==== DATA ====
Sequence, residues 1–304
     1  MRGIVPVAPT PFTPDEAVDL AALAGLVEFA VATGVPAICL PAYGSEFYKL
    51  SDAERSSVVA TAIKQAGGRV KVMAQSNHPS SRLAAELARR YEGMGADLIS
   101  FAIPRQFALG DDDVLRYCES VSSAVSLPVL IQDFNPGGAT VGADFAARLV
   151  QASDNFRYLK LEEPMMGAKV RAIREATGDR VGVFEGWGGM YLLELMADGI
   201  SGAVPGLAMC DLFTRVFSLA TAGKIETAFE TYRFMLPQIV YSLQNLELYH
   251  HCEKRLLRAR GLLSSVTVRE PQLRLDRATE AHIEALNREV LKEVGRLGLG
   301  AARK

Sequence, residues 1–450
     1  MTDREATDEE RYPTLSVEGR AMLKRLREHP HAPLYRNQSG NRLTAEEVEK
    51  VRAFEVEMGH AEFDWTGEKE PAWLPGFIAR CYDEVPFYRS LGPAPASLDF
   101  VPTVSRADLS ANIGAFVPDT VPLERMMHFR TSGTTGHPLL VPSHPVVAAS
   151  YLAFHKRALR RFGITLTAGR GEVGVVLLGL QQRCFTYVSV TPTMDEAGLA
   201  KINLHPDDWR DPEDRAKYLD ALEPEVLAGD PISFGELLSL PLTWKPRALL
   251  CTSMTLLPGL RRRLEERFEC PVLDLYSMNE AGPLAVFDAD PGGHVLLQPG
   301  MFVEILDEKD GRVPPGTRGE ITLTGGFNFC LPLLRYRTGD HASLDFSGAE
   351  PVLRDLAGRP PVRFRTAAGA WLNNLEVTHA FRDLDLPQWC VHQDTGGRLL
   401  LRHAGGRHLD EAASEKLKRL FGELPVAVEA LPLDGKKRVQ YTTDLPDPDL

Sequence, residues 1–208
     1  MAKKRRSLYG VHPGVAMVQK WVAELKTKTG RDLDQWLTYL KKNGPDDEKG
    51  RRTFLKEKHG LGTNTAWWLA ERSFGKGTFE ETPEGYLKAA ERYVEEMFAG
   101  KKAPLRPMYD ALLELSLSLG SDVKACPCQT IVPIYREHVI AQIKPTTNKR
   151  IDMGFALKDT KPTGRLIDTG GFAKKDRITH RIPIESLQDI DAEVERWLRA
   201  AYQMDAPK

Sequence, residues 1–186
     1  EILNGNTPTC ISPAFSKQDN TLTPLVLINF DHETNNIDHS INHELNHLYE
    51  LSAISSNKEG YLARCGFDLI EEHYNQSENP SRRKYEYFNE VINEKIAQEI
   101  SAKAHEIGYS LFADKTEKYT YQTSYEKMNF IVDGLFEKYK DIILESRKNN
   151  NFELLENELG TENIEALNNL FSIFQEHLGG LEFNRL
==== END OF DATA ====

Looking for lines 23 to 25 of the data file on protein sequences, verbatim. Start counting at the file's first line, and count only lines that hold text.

   151  IDMGFALKDT KPTGRLIDTG GFAKKDRITH RIPIESLQDI DAEVERWLRA
   201  AYQMDAPK

Sequence, residues 1–186